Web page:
- A cipher sent to Thomas Jefferson in December 1801 has been cracked, apparently for the first time. A fitting message, too!

- Robert McCrum writes in the Guardian on the potential impact of ebooks on copyright.

- The NYTimes' Randy Kennedy has more on mystery-forger Mark Landis.

- A report to the European Union urges national governments to take a greater role in digitization projects, rather than leaving it up to private companies.

- From The Week, some speculation on the authorship of the forthcoming anonymous O: A Presidential Novel (my own guess: Ana-Marie Cox, although I confess I have little evidence for it).

- Some fascinating new finds: in the Library of Congress, an unpublished manuscript version of Federico García Lorca's poem "Oficina y denuncia," and in the John Carter Brown Library, a manuscript map found within the binding of a volume of the proceedings of a Massachusetts/Rhode Island boundary commission.

- The JFK Library's Digital Archive is now open.

- In the NYTimes, Penelope Green writes on new trends in the use of books in interior design, and various ways "books" are being marketed for such uses including Restoration Hardware's "book bundle" and the new Pottery Barn version.


- Jill Lepore's The Whites of Their Eyes; review by Gordon Wood in the NYRB. Lots of discussions going on about this review, including here, here, and here

- Nigel Smith's Andrew Marvell; review by Nick Laird in the Telegraph.

- Sherry Turkle's Alone Together; review by David Weinberger in the Boston Globe.

- Ann Blair's Too Much to Know; review by Michael Dirda in the WaPo.

- Rachel Hewitt's Map of a Nation; review by Alan McNee in the TLS.

Saturday, January 15, 2011

This Week's Acquisitions

Just about all of this week's new books are from the ARC extravaganza that is ALA Midwinter:

- The Midnight Palace by Carlos Ruiz Zafon (Little, Brown, 2011). Publisher.

The Tiger's Wife by Téa Obreht (Random House, 2011). Publisher.

- History of the Book in Canada (3 v.) (University of Toronto Press, 2004-2007). SHARP (for review).

What the World is Reading: Excerpts from a Selection of Bestselling Paperback Titles from Penguin Group (USA) (Penguin, 2010). Publisher.

The Weird Sisters by Eleanor Brown (Amy Einhorn Books/Putnam, 2011). Publisher.

Seeds: One Man's Serendipitous Journey to Discover the Trees That Inspired Famous American Writers from Faulkner to Kerouac, Welty to Wharton by Richard Horan (Harper Perennial, 2011). Publisher.

The Wilder Life: My Adventures in the Lost World of Little House on the Prairie by Wendy McClure (Riverhead, 2011). Publisher.

Twenty-five Books That Shaped America: How White Whales, Green Lights, and Restless Spirits Forged Our National Identity by Thomas C. Foster (Harper Paperbacks, 2011). Publisher.

The Tin Ticket: The Heroic Journey of Australia's Convict Women by Deborah J. Swiss (Berkley Hardcover, 2011). Publisher.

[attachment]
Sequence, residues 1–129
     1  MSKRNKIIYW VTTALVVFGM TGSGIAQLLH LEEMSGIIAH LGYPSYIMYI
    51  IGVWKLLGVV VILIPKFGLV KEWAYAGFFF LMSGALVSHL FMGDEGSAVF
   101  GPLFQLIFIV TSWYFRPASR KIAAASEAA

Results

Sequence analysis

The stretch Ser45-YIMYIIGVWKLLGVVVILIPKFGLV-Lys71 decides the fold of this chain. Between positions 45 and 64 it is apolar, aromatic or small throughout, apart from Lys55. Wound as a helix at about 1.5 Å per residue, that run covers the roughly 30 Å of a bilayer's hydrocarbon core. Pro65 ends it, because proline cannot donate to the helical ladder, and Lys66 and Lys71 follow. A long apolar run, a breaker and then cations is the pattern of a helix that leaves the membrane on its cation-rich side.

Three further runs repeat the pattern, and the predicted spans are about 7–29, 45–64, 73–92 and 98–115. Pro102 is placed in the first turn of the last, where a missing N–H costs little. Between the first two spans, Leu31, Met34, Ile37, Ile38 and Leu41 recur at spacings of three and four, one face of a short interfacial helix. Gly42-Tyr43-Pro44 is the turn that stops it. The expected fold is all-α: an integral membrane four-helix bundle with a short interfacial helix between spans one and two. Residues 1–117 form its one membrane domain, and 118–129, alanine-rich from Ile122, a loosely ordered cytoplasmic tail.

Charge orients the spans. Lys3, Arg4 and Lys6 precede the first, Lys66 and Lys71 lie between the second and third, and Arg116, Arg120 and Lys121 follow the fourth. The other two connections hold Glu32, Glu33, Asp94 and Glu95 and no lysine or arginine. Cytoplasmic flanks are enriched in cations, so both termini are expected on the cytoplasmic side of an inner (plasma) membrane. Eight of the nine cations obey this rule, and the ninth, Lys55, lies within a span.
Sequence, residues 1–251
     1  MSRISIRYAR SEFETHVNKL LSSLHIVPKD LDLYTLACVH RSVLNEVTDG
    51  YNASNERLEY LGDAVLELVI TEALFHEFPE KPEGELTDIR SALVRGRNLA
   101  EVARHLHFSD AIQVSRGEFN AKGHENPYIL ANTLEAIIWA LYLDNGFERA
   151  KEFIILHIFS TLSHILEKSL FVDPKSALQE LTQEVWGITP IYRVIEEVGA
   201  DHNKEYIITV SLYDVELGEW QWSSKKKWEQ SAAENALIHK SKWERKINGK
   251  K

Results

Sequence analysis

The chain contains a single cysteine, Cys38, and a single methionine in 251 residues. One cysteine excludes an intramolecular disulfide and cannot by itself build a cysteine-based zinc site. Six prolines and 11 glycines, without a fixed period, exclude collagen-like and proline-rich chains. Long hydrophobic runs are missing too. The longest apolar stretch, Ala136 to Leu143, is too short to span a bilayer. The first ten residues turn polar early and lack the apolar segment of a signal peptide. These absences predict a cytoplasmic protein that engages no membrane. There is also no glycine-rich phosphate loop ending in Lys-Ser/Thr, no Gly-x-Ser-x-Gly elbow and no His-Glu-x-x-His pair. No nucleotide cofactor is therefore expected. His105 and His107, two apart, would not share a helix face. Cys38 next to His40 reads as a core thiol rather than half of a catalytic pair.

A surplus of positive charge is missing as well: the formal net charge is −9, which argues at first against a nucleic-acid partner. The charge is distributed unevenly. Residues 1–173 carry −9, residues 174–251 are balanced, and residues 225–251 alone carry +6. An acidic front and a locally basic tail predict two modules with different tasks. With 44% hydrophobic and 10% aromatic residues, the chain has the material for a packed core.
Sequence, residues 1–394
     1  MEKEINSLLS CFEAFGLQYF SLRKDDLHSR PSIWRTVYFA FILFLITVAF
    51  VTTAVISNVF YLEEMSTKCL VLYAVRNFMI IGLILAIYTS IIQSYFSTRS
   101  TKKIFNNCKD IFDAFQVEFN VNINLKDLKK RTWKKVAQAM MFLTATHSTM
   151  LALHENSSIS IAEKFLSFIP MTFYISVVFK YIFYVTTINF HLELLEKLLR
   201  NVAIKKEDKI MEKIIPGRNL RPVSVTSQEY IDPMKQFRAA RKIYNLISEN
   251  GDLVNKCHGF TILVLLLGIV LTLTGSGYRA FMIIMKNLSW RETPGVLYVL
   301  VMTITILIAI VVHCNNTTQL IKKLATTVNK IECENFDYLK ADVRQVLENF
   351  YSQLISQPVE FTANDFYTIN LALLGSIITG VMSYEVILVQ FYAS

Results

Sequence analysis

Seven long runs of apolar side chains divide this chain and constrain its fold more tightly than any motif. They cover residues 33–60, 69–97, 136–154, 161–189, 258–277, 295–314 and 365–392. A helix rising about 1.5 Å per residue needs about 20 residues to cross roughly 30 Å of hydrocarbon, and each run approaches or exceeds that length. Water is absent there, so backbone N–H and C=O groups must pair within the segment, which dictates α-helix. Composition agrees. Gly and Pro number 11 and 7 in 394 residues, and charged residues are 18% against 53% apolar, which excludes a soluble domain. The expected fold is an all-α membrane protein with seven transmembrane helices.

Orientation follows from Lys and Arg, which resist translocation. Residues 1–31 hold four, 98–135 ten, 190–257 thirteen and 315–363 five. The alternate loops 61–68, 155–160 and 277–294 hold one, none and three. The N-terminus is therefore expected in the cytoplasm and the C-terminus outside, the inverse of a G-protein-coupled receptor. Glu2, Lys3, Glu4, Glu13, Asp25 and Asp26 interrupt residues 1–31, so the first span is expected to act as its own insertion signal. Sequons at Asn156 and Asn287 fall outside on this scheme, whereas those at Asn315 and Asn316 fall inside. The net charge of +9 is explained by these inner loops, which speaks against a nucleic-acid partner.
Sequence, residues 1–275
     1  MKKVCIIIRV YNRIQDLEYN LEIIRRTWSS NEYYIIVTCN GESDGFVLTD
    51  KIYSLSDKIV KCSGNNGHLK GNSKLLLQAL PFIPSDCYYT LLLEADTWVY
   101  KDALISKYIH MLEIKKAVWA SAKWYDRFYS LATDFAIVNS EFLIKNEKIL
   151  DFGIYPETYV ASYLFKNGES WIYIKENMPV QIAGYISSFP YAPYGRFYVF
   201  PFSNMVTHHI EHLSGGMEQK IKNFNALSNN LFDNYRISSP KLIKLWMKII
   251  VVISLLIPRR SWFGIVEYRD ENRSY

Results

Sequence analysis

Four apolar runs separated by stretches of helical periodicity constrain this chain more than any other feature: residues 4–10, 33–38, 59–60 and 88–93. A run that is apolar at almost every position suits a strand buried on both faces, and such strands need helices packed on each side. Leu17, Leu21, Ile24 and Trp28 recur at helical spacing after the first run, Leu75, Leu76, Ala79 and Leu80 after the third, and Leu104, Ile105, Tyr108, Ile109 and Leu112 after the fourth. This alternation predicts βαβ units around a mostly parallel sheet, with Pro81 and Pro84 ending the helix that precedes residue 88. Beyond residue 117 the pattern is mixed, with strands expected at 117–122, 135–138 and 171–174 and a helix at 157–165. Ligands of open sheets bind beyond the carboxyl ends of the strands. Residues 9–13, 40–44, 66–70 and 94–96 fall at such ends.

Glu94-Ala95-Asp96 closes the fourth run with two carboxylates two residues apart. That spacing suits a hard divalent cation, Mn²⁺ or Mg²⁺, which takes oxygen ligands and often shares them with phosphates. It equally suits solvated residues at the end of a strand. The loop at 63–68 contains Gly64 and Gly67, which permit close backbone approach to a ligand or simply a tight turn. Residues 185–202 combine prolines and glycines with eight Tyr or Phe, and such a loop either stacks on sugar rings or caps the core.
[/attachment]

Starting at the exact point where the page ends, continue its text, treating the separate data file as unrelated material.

Every Day by the Sun: A Memoir of the Faulkners of Mississippi by Dean Faulkner Wells (Crown, 2011). Publisher.

Winged Obsession: The Pursuit of the World's Most Notorious Butterfly Smuggler by Jessica Speart (William Morrow, 2011). Publisher.

American Tempest: How the Boston Tea Party Sparked a Revolution by Harlow Giles Unger (Da Capo Press, 2011). Publisher.

13, rue Thérèse by Elena Mauli Shapiro (Reagan Arthur Books, 2011). Publisher.

The Watery Part of the World by Michael Parker (Algonquin Books, 2011). Publisher.

A Discovery of Witches by Deborah Harkness (Viking Adult, 2011). Publisher.

The Informationist: A Thriller by Taylor Stevens (Crown, 2011). Publisher.

The Autobiography of Mrs. Tom Thumb by Melanie Benjamin (Delacorte Press, 2011). Publisher.

The School of Night by Louis Bayard (Henry Holt, 2011). Publisher.

Wednesday, January 12, 2011

Book Review: "The Sherlockian"

Graham Moore's debut novel is The Sherlockian (Twelve, 2010), which features alternating storylines set in the present (with the mysterious death of a prominent Holmes scholar) and in the fall of 1900 (starring Arthur Conan Doyle and Bram Stoker as amateur detectives).

At first I was a little worried: some of the writing in the opening chapters is a bit clunky ("Alex's bushy light brown hair squatted on his head like a chicken laying an egg"), and Moore's main character in the modern plot, scholar Harold White, is one of those characters who is at once intelligent and also stupendously stupid. The plot as it unfolds is somewhat improbable (and the ending even more so), and just about all the modern characters were quite unlikeable.

The Conan Doyle storyline was much more entertaining, sort of in the vein of Julian Barnes' Arthur & George, although once again there were a few elements (including a very unlikely episode of transvestism) that strained credulity.

Overall, if you're a fan of Holmes pastiches this is another to add to your shelf, and it does make a fast, entertaining read (great for a plane ride, I found), even with the eye-rolling moments. In all likelihood I'll read whatever Mr. Moore comes out with next; I think he's certainly a writer to keep an eye on.

Book Review: "The Midnight Palace"

Carlos Ruiz Zafón's latest novel to be published in the US is The Midnight Palace (forthcoming from Little, Brown), now translated by Lucia Graves. Another dark, somewhat-supernatural story from Zafón, this one set in 1930s Calcutta and starring a group of young children out to solve a mystery and quiet a restless spirit before it does them harm.

While I would have liked some further character development, the texture and style of Zafón's writing makes it compulsively readable, and the tension he's able to build up through the telling certainly kept me turning the pages. He's very good at bringing cities and buildings to live, a skill which is certainly on display in The Midnight Palace.

Sunday, January 09, 2011

Links & Reviews

Happy Sunday from San Diego, where ALA Midwinter continues apace! Apologies for the abbreviated L&R this weekend; I'll catch up more next Sunday.

- In the NYTimes, Paul Collins identifies the writer of the first detective novel.

- Over at the Princeton Rare Books blog, Steve Ferguson writes on the dispersal of the book collection(s) of Sylvia Beach.